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Re: Deprecating basic asm in a function - What now?
- From: David Wohlferd <dw at LimeGreenSocks dot com>
- To: matz at suse dot de, Andrew Haley <aph at redhat dot com>
- Cc: "gcc at gcc dot gnu dot org" <gcc at gcc dot gnu dot org>
- Date: Wed, 22 Jun 2016 02:23:46 -0700
- Subject: Re: Deprecating basic asm in a function - What now?
- Authentication-results: sourceware.org; auth=none
- References: <dc3ca16c-3521-757f-fcf0-50061f510f75 at LimeGreenSocks dot com> <alpine dot LSU dot 2 dot 20 dot 1606201931460 dot 13156 at wotan dot suse dot de> <57682A85 dot 4060803 at redhat dot com> <alpine dot LSU dot 2 dot 20 dot 1606201941340 dot 13156 at wotan dot suse dot de>
In the end, my problems with basic-asm-in-functions (BAIF) come down to
reliably generating correct code.
Optimizations are based on the idea of "you can safely modify x if you
can prove y." But given that basic asm are opaque blocks, there is no
way to prove, well, much of anything. Adding 'volatile' and now
'memory' do help. But the very definition of "opaque blocks" means that
you absolutely cannot know what weird-ass crap someone might be trying.
And every time gcc tweaks any of the optimizers, there's a chance that
this untethered blob could bubble up or down within the code. There is
no way for any optimizer to safely decide whether a given position
violates the intent of the asm, since it can have no idea what that
intent is. Can even a one line displacement of arbitrary assembler code
cause race conditions or data corruption without causing a compiler
error? I'll bet it can.
And also, there is the problem of compatibility. I am told that the
mips "sync" instruction (used in multi-thread programming) requires a
memory clobber to work as intended. With that in mind, when I see this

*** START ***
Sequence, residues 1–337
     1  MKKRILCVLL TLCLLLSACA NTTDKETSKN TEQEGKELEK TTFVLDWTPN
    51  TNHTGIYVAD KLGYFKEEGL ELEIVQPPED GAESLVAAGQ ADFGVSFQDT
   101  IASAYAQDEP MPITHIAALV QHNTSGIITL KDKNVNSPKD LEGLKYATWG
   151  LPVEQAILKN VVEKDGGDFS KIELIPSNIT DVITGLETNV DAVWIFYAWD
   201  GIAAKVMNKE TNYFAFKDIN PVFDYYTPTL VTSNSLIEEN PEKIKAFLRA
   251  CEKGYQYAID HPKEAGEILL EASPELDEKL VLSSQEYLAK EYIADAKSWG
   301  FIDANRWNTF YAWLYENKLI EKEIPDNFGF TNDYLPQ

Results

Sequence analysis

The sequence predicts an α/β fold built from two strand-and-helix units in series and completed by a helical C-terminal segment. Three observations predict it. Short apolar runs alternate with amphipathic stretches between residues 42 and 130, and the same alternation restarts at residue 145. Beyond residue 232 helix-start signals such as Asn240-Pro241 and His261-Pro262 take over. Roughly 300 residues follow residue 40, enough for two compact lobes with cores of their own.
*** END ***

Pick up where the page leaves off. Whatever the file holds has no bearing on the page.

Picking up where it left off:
code on some blog, is it safe?
And of course the answer is that without context, there's no way to
know. It might have been safe for the compiler in the blogger's
environment. Or maybe he was an idiot. It's certainly not safe in any
released version of gcc. But unless the blog reader knows the blogger's
level of intelligence, development environment, and all the esoteric
differences between that environment and their own, they could easily
copy/paste that right into their own project, where it will compile
without error, and "nearly always" work just fine...
With Bernd's recent change, people who have this (incorrect) code in
their gcc project will suddenly have their code start working correctly,
and that's a good thing. Well, they will a year or so from now. If
they immediately start using v7.0. And if they prevent everyone from
trying to compile their code using 6.x, 5.x, 4.x etc where it will never
work correctly. So yes, it's a fix. But it can easily be years before
this change finally solves this problem. However, changing this to use
means that their very next source code release will immediately work
correctly on every version of gcc.
You make the point about how people changing this code could easily muck
things up. And I absolutely agree, they could. On the other hand, it's
possible that their code is already mucked up and they just don't know
it. But even if they change this code to asm("sync":::) (forcing it to
continue working the same way it has for over a decade), the
programmer's intent is clear (if wrong). A knowledgeable mips
programmer could look at that and say "Hey, that's not right." While